The Rickey

Celebrate the Fourth of July with this democratic, pluralistic, highly refreshing cocktail.

A raspberry rickey.
A raspberry rickey, a twist on the D.C. cocktail.

Photo by Kasia/Shutterstock

In suggesting the rickey as the ideal drink to quench an Independence-Day thirst, I want first to stress its simplicity. You combine liquor and fresh lime juice in a tall glass, add ice cubes and carbonated water, garnish with a wedge or wheel of lime, and start to feel the rightness of its Freon epithet: This is “air conditioning in a glass.” A basic rickey is no more difficult to make than a gin and tonic, and it is easier to swallow, from certain class perspectives, as it carries none of the G&T’s yacht-club connotations. This ease of mixing and freedom from Anglophiliac mannerism recommend the rickey as a populist beverage.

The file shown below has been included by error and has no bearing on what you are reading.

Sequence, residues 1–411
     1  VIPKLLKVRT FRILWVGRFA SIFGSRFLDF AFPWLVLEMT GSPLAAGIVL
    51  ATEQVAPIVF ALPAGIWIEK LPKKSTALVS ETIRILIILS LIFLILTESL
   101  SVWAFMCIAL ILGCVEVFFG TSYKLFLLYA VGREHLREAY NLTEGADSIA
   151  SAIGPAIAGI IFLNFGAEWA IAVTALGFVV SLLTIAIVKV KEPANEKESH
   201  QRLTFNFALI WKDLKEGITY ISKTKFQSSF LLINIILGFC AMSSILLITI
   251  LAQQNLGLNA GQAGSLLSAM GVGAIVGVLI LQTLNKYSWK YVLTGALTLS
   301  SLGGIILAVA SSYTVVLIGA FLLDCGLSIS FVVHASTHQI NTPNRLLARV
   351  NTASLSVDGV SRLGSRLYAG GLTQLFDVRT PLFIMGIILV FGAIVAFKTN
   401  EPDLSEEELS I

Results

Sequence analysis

Further, it is pluralistic. The rickey is a family of drinks. From one basic idea—that lime enlivened by bubbles will restore the crispness of a sweltering soul—come many tipples. My copy of the Mr. Boston bar guide lists the original version (made with American whiskey), the most famous version (made with gin), and eight others (made with applejack and apricot brandy and on and on). There’s a rum rickey in here and also a rumless one, and that’s a fine thing. Here’s a cocktail that is no less a classic in its sweetened mocktail incarnation.

Indeed, the traditions of the boozeless rickey are proud: If you ask for a lime rickey in a bar you will get … well, probably you will get a blank stare, but in some bars you’ll get the elegant limeade that both Sheila Lukins’ U.S.A. Cookbook and Dale DeGroff’s Craft of the Cocktail identify as “the drinking man’s nonalcoholic drink.” Meanwhile, if you ask for a lime rickey in a certain kind of New England restaurant, you will get an old-school treat rich with sugar and soda-shop Americana. John Thorne notes in Simple Cooking: “The lime rickey is to the Boston area what the chocolate egg cream is to New York City—a local phenomenon that, despite passionate fans, resists transplanting to most anywhere else.”